Friday, August 17, 2012

Should Hillary replace Joe?

There are other things to write about in the world, but when the Politico Arena asks about the vice president, I must answer the call (and enjoy the 10 days every four years that anyone actually cares about the vice president). The other day, in the wake of Biden's obnoxious comments, the Arena question of the day was about Hillary replacing Biden. A fun rumor, but it is not going to happen.

I wrote:
First, replacing the vice president is almost always a bad play.

The last president to pull it off and win re-election was FDR. Eisenhower, Nixon, and Bush Senior (or at least some of their advisors) all toyed with doing it, but there were constituencies in the party that rallied behind the VP. The one president to actually remove his vice president and replace him in the past half-century was Gerald Ford. Replacing Rockefeller with Sen. Dole (who came off badly in the debates with Walter Mondale) probably wasn't what defeated the ticket but it certainly didn't help.

On the off-chance this could be engineered, Hillary would not be a good replacement. This is not due to any fault of her own. She has proven savvy and capable as secretary of state and her experience as an active first lady legitimately gives her insight into the unique pressure cooker that is the White House. However, she brings her husband and he is problematic baggage. Again, this is not through any fault of his own, but rather because ex-presidents need to be kept a healthy distance from the Oval Office. Bush Senior was rarely around when his son was president and Reagan stayed away from Bush Senior. These were sound precedents and should continue.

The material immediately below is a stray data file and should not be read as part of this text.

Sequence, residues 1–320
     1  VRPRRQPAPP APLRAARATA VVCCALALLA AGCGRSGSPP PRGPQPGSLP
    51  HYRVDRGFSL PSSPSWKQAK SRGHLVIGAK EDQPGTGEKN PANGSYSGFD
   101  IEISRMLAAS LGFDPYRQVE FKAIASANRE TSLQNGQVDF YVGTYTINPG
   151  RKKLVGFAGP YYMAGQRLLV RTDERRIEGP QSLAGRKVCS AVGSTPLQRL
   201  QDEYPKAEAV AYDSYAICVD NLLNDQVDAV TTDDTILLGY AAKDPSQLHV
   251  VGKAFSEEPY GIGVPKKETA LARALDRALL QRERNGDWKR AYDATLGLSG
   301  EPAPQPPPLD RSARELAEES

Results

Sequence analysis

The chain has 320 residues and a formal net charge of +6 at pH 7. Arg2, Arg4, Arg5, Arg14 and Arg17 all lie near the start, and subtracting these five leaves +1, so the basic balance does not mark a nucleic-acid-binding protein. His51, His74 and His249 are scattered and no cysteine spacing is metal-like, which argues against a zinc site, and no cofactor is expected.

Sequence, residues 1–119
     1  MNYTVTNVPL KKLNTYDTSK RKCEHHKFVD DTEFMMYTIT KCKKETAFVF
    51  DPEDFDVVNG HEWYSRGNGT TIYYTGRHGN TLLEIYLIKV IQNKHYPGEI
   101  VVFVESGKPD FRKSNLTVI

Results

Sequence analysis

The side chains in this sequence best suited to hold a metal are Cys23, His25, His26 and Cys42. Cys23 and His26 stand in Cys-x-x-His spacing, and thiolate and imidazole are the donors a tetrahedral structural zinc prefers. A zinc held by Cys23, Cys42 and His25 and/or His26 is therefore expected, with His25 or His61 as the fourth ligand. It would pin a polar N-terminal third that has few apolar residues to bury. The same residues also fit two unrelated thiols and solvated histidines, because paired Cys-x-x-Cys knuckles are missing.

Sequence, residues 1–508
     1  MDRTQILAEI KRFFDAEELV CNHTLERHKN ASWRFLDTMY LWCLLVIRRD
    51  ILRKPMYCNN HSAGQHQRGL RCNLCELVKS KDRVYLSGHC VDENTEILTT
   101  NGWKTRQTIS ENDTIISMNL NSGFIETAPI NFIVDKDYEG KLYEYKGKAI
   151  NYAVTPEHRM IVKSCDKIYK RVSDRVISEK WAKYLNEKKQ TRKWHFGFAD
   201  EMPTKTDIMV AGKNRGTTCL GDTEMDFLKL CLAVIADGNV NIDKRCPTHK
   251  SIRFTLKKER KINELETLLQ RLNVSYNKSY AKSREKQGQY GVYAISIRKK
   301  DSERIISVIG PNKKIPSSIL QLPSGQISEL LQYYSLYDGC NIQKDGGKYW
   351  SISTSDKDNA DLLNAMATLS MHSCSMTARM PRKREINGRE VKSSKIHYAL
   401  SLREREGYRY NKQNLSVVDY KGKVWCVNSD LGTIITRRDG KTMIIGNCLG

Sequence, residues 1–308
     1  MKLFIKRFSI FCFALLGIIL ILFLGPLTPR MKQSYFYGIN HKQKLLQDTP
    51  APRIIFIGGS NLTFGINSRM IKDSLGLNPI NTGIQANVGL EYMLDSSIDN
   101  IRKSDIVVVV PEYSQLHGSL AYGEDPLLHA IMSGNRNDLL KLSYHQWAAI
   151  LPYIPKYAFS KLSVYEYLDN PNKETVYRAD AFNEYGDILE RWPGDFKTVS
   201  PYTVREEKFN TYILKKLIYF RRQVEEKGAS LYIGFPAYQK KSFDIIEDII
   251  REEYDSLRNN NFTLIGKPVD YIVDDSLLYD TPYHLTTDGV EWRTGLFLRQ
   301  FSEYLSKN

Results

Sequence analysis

A few additional notes. First back in the nineties I was a bit of a Clinton-hater, I have come to respect the virtues (irony alert) of the Clinton Administration.  But I still think ex-Presidents need to stay off the main-stage.  That being said, nothing prepares one for the Presidency like serious time in the White House.

Biden's comments were pretty bad, and if it were a Republican probably would have far more blowback.  One of the difficult things about politics is how policy preferences and values began confused in the public debate.  Opposition to a specific policy intended to help a community or population does not mean those opposed hate that population.  It means they have legitimate questions about the efficacy of that policy or the whether that policy should be prioritized.  That is not to say that this opposition is not at times a cover for unacceptable views but one should not leap to that conclusion.  Being a Republican does not mean I don't care about the (fill in the blank here - poor, women, African-Americans.)  It means I have questions as to whether the policies Democrats prefer will help that population or whether the other costs of that policy will outweigh the benefits.